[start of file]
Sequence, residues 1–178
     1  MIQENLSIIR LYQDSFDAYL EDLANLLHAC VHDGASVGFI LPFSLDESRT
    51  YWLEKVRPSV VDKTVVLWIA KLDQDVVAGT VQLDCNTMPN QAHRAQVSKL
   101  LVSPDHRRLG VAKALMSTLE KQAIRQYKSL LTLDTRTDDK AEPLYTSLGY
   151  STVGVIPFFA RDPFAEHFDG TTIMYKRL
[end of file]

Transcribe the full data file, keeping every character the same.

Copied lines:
Sequence, residues 1–178
     1  MIQENLSIIR LYQDSFDAYL EDLANLLHAC VHDGASVGFI LPFSLDESRT
    51  YWLEKVRPSV VDKTVVLWIA KLDQDVVAGT VQLDCNTMPN QAHRAQVSKL
   101  LVSPDHRRLG VAKALMSTLE KQAIRQYKSL LTLDTRTDDK AEPLYTSLGY
   151  STVGVIPFFA RDPFAEHFDG TTIMYKRL